9 Ways to Be Married: Explained

It's one thing to say "I Do"—and another to keep on doing. At a time when statistics show many forces working against it, how does marriage continue to thrive? MORE talks to a variety of women in committed, if sometimes unconventional unions about how they choose to tie their knot

by Doren Allen
Photograph: Jens Bonnke

Why stay married? Finding time to be an individual is part of being a couple. Marriage is not a joined-at-the-hip, 24/7 partnership, but rather a blending of two people who want to weather any storm that life throws their way. I may have had moments when I didn’t like my husband very much, but I’ve always loved him, regardless. I’ve never thought about ending the marriage. I’d miss my best buddy. And I signed on for better or worse. I would hope he’d say the same thing.

#8 Married, Living Apart
Kambri Crews, 41, and Christian Finnegan, 39
New York City
He’s often on the road, she needs to stay put, and they’re separated at least 10 days a month, often more. Yet they’ve been together for 10 years, married for six.

Christian, who has a recurring role on the TBS sitcom Are We There Yet?, performs in comedy clubs all over the world; Kambri runs a New York public relations and production company. The couple saw each other only four days in October but spent three weeks together at Christmas. “I can’t imagine a different arrangement,” she says. “There have been instances when we were together for longer than we expected, and after four weeks, we said, ‘Who’s going on a trip next?’ ”

Kambri and Christian, who have no children, are among the estimated 3.5 million married couples involved in some variation of a Living Together Apart marriage. That number has more than doubled since 1990, according to the U. S. Census Bureau, driven chiefly by economic necessity—and often by the mutual pursuit of satisfying careers. Kambri’s views:

Benefits It’s corny but true: Absence makes the heart grow fonder. We’re always excited to be back together. And both of us like having time to ourselves.

Drawbacks Sometimes he’s gone when something special is happening. I don’t think we’ve had Valentine’s Day together since . . . ever. Luckily, I don’t care. Logistics can be a problem. Who bought toilet paper? Who’s taking the dogs to the vet? But those are minor issues.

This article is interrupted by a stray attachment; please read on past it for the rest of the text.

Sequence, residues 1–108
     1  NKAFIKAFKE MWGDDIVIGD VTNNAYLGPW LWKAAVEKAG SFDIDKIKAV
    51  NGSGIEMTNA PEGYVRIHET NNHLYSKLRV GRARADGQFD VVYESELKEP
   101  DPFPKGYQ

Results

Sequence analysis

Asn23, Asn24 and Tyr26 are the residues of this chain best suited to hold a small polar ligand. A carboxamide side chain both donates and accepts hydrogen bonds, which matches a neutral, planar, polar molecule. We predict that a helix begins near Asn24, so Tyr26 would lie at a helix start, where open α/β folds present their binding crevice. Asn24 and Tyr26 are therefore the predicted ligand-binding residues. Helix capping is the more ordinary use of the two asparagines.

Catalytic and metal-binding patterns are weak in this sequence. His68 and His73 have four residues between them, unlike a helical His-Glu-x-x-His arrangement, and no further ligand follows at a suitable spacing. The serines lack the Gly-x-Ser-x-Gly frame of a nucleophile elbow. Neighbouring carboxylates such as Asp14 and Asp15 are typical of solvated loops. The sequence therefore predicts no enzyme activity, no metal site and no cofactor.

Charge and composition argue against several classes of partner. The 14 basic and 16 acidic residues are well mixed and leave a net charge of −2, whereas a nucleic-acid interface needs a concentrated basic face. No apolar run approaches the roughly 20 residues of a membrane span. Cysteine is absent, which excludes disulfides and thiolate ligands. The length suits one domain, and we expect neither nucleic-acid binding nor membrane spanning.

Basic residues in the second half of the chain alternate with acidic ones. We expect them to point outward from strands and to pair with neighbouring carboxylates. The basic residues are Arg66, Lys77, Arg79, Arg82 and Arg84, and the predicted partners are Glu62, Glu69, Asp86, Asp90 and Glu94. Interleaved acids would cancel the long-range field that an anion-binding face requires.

No Temptations We’re committed, faithful, monogamous. I’ve never worried; it’s not an issue—knock on wood.

Why Marry? That declaration of your commitment to each other in front of friends and family is important. When I saw everyone surrounding us at the wedding, I was absolutely overjoyed. I said, “I get it—it’s bigger than us!”

#9 Modern Traditionalists
Terry Grahl, 43, and Scott Grahl, 43
Taylor, Michigan
“There’s a little old-fashioned in me,” says Terry Grahl. Her husband of 20 years is a rail-terminal manager and the primary breadwinner. Terry runs a nonprofit that redesigns the interiors of shelters for abused women and their kids; she also has a part-time job cleaning an office. But when her children (three sons, 18, 17 and 14,and a 13-year-old daughter) were small, she was a stay-at-home mom. “I’m still here when the kidscome home from school,” Terry says. “If that’s what traditional is, then that’s what we have.”

Sixty-six percent of American families with children have dual incomes. Only about 16 percent of households consist of a breadwinner husband and a stay-at-home wife, according to the most recent figures available from the Bureau of Labor Statistics. How has the 1950s marriage model changed to meet the needs of today? Terry explains:

Why she decided to stay home After my first son was born, I continued to work full time in the accounting department of a manufacturing firm. My sister took care of the baby. When I told my mother that I wanted a second baby, she said, “Who’s going to raise your -children?”

Regrets? It’s the best decision we’ve ever made. My husband was excited when I said I wanted to stay home with the kids. We were a little scared about money, but we cut down on things like the cable bill.

First published in the March 2013 issue

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